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Salvia is the largest genus in the Lamiaceae with more than 1000 species. The species S. coccinea used in this study has naturalized in the southeastern United States and is an important plant for pollinators. This project aimed to improve phenotypic characteristics of S. coccinea for use in the landscape by selecting for increased petal size and unique petal color. Two elite accessions were selected for hybridization using the pedigree method. One selection displayed compact habit with bicolored coral and white flowers, while the other was slightly larger with solid red flowers. Selections were made based on improved flower color and larger petal size. The breeding program achieved a 25% increase in petal width and a more vivid petal color for the coral bicolored selections. Additionally, a 60% increase in petal width was achieved for red flowers. These novel selections are attractive plants for the landscape, displaying improved ornamental value and supporting local pollinator populations.

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Controlling the elongation of ornamental plants is commonly needed for shipping and aesthetic purposes. Drought stress can be used to limit elongation, and is an environmentally friendly alternative to plant growth regulators (PGRs). However, growers can be reluctant to expose plants to drought stress because they do not want to negatively affect overall plant quality and marketability. Knowing how and when stem elongation is affected by water availability will help to increase our understanding of how elongation can be controlled without reducing plant quality. Rooted Hibiscus acetosella Welw. ex Hiern. cuttings were grown in a growth chamber set to a 12-hour photoperiod at 25 °C. Two plants of similar size were used for each replication of the study to compare growth under well-watered and drought-stressed conditions. Time lapse photography was used to determine the diurnal patterns of elongation over the course of the replications. Evapotranspiration was measured using load cells. Well-watered and drought-stressed plants had similar diurnal patterns of elongation and evapotranspiration, demonstrating that both follow circadian rhythms and are not just responding to environmental conditions. Stem elongation was greatest at night and coincided with evapotranspiration decreases, with greatest elongation shortly after the onset of darkness. Elongation was minimal between 800 and 1000 hr when evapotranspiration increases. During the drought-stress portion of the replications, elongation of drought-stressed plants was 44% less than well-watered plants. Final plant height and shoot dry weight for the drought-stressed plants were 21% and 30% less than well-watered plants, respectively. Total leaf area, number of leaves, and number of new visible internodes were greater for well-watered plants than drought-stressed plants. Average length of visible internodes and leaf size were similar for drought-stressed and well-watered plants. If growers want to use drought stress for elongation control, they should ensure that plants are drought stressed before the onset of and during the dark period, when most elongation occurs.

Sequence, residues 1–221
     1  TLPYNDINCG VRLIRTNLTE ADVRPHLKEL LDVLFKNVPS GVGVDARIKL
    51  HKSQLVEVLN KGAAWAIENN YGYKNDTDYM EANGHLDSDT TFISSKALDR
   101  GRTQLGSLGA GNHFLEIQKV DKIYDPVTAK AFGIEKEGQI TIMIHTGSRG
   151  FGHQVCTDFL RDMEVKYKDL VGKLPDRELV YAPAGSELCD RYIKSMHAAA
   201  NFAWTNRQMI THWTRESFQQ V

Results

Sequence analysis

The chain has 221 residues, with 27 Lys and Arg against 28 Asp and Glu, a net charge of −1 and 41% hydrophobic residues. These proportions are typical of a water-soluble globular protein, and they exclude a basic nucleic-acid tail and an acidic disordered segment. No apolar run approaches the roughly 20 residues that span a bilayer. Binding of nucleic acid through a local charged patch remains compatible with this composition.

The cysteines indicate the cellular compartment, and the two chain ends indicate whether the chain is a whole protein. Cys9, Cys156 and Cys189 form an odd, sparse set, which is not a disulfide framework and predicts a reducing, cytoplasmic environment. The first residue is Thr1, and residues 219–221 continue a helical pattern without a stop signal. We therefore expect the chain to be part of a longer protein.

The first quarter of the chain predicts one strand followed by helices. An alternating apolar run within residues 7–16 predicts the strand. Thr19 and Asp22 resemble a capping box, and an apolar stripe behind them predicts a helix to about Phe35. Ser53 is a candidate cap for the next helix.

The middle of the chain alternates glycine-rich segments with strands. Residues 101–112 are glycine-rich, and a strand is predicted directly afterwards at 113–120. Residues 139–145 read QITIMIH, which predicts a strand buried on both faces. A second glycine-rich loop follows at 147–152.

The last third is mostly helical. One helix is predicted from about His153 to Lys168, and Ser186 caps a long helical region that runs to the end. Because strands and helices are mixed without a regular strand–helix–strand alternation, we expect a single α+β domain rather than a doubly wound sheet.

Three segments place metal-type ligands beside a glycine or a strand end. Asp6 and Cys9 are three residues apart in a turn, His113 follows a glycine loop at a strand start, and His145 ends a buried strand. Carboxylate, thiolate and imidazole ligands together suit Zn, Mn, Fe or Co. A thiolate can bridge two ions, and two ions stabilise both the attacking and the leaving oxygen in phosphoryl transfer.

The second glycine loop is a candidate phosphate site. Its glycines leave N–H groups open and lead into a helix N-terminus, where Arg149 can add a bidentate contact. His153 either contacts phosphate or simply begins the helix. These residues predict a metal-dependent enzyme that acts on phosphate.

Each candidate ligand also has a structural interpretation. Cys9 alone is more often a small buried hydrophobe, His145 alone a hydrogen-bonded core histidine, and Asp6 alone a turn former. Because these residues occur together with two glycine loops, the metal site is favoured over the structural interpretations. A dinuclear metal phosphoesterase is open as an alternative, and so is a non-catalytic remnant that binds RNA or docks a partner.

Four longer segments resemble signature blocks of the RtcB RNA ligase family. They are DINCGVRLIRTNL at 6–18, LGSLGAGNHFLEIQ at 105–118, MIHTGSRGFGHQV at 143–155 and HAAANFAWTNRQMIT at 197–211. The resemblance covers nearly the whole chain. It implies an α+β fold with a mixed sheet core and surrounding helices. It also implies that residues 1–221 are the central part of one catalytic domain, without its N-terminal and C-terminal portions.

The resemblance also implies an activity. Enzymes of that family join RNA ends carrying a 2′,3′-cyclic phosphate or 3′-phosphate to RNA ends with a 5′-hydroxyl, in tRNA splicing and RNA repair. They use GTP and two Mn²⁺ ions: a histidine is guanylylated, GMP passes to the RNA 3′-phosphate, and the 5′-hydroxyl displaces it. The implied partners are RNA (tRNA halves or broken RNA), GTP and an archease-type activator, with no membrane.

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Salvia coccinea is a valuable flowering annual that attracts hummingbirds and bees to the garden, but few cultivars are commercially available. There is a limited range of petal colors and no leaf variegation. This research aimed to improve the ornamental value of S. coccinea by inducing mutations with ethyl methanesulfonate (EMS). The standard, red-flowered species was selected for treatment by exposing seeds to 0%, 0.4%, 0.8%, or 1.2% EMS for 8, 12, or 24 hours. The optimal treatment rate was determined to be 1.2% EMS for 8 hours, which generated desirable mutations near the median lethal dose (LD50). The M1 population had a 53% germination rate and was completely morphologically uniform. By the M2, mutations included differences in leaf shape and flower size in addition to albina, chlorina, virescens, and chimeral chlorophyll changes. A 1% mutation rate was achieved in this breeding program with seven unstable mutations and six stable mutations. The normalized difference vegetation index (NDVI) values were measured to determine differences in chlorophyll content between lethal albina mutations, chartreuse chlorina and virescens mutations, and typical leaf color. Future work will investigate the stability and heritability of chlorophyll variegation by hybridizing these selections with coral-flowered accessions of S. coccinea.